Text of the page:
IBRA DEGUENE KA (Senegal) said obstacles still existed in regard to attaining the strategies set by the United Nations for social development. Globalization posed a great challenge to those goals. In addition, cooperatives faced a great variety of legal matters as a consequence of globalization. It was important for the international community to emphasize the positive role the cooperative movement played in societies. The United Nations needed to prepare general guidelines to develop the cooperative movement. Furthermore, an international partnership among cooperatives themselves was necessary.

The International Year of the Family needed a programme of action and some sort of measurement to determine its success. There was still a problem of access to basic social services worldwide. Resources of the United Nations Trust Fund needed to be increased for programmes geared towards the family. His country would host the World Education Forum under the programme on “Education for All”. He appealed to all youth organizations to participate in development programmes. He hoped for the strengthening the youth unit in the United Nations Secretariat would be strengthened.

AKMARAL ARYSTANBEKOVA (Kazakhstan) said much concrete action had been taken in the areas of poverty eradication, creation of productive employment and social integration since the Copenhagen Summit of 1994. The Special Session of the General Assembly scheduled for next year to assess progress in implementing the Copenhagen Programme of Action would stimulate active international and regional cooperation in solving the acute social problems still facing humanity. Priority issues should be the social issues such as family, health, safety and eradication of poverty.

Education was a key to achieving the Copenhagen objectives, she continued. On the threshhold of the next century, young people had to take a vital role in decision-making processes. It was regrettable that the most vulnerable groups of the population -- the unemployed, the disabled, the elderly, children and women -- suffered most from economic crises. A main task for Kazakhstan was to resolve acute social problems by creating a broad and reliable system of protection aimed at raising the standard of living for the population. That included such measures as stimulating self-employment by providing credit and establishing workshops in cooperation with the United Nations.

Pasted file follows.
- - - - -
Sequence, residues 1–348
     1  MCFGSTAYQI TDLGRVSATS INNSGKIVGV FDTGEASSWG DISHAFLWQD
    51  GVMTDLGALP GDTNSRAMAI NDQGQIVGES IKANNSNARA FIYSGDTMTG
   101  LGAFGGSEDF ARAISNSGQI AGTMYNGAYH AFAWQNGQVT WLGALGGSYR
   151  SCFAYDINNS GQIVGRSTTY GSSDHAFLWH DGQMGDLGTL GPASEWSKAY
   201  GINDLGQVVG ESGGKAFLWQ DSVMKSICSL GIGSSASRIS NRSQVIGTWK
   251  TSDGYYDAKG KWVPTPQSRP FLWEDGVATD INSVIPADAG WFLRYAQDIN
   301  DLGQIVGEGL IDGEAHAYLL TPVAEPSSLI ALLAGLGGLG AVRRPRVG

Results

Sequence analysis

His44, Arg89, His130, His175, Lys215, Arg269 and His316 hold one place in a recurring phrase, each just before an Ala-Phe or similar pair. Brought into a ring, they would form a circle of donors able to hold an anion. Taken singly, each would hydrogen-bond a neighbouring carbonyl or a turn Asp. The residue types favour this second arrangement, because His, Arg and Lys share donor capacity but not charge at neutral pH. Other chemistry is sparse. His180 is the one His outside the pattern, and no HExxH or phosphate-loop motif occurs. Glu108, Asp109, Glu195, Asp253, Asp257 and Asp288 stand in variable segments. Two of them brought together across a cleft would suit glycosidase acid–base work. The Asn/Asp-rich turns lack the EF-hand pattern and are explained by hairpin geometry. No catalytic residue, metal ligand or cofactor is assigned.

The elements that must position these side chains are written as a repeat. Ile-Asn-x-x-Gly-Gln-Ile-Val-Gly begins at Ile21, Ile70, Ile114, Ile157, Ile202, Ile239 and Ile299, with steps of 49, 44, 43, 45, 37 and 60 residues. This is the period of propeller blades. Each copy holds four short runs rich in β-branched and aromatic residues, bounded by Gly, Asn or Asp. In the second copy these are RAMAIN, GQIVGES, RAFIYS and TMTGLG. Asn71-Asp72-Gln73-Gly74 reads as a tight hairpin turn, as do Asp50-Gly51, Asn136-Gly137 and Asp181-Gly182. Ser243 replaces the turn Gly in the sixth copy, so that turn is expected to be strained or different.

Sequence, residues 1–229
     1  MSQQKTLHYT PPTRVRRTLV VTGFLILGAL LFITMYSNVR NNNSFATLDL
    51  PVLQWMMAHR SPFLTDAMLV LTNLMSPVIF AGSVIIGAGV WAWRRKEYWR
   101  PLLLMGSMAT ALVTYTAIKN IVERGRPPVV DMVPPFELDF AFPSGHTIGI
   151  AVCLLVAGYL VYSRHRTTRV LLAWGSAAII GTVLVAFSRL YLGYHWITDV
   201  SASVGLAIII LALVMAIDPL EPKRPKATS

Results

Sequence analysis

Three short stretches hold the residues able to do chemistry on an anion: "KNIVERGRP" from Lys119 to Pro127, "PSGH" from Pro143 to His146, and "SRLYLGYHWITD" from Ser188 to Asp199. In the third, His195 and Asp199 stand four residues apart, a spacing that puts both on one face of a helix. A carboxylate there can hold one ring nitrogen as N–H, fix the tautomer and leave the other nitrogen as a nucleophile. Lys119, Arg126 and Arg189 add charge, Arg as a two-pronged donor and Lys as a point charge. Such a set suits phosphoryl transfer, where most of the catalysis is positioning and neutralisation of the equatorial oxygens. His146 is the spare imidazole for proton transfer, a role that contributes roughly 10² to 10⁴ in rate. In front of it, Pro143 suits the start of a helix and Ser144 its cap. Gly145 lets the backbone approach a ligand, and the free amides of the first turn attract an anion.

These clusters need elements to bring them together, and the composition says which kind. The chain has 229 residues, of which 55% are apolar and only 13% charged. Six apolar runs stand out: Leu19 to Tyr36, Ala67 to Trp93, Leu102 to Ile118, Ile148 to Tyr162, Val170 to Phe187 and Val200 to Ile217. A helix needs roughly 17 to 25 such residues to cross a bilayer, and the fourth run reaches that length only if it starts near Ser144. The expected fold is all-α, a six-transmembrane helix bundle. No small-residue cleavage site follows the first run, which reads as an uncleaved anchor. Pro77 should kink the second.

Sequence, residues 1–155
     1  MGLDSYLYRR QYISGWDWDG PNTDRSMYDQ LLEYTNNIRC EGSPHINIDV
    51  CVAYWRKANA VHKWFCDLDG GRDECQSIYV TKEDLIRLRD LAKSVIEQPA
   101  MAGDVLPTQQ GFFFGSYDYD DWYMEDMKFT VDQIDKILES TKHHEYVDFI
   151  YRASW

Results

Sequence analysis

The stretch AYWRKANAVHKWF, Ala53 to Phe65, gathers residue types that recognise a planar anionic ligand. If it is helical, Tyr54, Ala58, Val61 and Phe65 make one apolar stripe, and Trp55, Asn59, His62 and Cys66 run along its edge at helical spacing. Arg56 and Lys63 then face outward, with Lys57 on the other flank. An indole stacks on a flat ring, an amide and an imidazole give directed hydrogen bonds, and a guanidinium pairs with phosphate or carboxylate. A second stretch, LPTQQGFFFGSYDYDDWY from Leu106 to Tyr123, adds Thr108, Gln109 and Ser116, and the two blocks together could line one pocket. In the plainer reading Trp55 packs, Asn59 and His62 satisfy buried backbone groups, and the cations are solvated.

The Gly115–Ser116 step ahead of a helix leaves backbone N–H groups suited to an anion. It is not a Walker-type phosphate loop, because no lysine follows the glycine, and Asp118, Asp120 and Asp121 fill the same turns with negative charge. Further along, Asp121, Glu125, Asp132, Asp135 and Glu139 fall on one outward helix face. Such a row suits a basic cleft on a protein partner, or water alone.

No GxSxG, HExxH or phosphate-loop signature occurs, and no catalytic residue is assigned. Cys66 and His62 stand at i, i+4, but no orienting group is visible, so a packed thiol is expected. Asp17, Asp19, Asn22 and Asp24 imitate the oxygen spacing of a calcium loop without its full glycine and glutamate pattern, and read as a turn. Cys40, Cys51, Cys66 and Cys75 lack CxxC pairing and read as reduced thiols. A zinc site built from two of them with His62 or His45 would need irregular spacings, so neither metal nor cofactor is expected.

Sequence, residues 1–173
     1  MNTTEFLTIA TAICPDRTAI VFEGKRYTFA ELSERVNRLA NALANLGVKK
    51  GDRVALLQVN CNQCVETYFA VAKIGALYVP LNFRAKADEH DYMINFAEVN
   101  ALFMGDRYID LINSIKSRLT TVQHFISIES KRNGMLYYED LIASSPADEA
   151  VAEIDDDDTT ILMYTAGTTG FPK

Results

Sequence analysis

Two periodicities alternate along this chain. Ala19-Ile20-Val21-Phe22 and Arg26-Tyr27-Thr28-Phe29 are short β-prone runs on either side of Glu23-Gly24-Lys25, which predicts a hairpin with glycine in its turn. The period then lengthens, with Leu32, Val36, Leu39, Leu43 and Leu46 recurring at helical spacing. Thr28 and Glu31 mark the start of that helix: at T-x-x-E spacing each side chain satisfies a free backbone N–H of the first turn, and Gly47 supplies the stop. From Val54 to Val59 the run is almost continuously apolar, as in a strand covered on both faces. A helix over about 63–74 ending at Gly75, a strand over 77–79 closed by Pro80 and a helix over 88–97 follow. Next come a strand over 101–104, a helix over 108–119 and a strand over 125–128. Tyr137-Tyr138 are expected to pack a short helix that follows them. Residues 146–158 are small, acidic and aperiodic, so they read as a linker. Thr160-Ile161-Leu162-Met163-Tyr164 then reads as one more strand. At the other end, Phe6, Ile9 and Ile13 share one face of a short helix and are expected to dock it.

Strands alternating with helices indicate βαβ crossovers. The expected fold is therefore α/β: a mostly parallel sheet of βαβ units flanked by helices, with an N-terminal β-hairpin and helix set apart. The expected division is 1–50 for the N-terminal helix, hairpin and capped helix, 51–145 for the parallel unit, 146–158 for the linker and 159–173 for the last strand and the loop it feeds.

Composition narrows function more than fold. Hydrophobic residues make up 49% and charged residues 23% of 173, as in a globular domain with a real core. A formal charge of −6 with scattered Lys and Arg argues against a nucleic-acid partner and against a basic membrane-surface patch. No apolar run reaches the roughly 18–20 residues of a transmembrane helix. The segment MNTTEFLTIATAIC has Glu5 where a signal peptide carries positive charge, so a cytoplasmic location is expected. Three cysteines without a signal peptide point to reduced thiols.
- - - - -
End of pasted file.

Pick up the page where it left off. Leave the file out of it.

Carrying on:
LUIS ALBERTO AMOROS NUNEZ (Cuba) said social justice for all had been one of his country’s great achievements. An increase of young people’s participation in social life was crucial. Youth in his country participated in several aspects of society, such as the Parliament. Also, the ageing population was guaranteed free medical services as well as social security. Furthermore, life expectancy

had increased to 75 years of age. Several projects had taken place in his country in regard to the International Year of Older Persons.

The care for people with disabilities was of great priority in his country. They were included in all aspects of society such as education, culture and sports. In addition, special education guaranteed enrolment of 85 per cent of those people. All of the above had been achieved in spite of the on-going economic war with the United States. Poor sanitation and unemployment were growing. Development aid to his country needed to be increased.

RINDERT DE GROOT, Youth Representative, (Netherlands) said the Internet could contribute to social development and to youth empowerment. Youth made up half of the on-line community even though they were less than a quarter of the world population. Young people were immersed in learning and personal development. They were open to new ideas and innovations. Inventing and executing new projects was where the Internet became useful.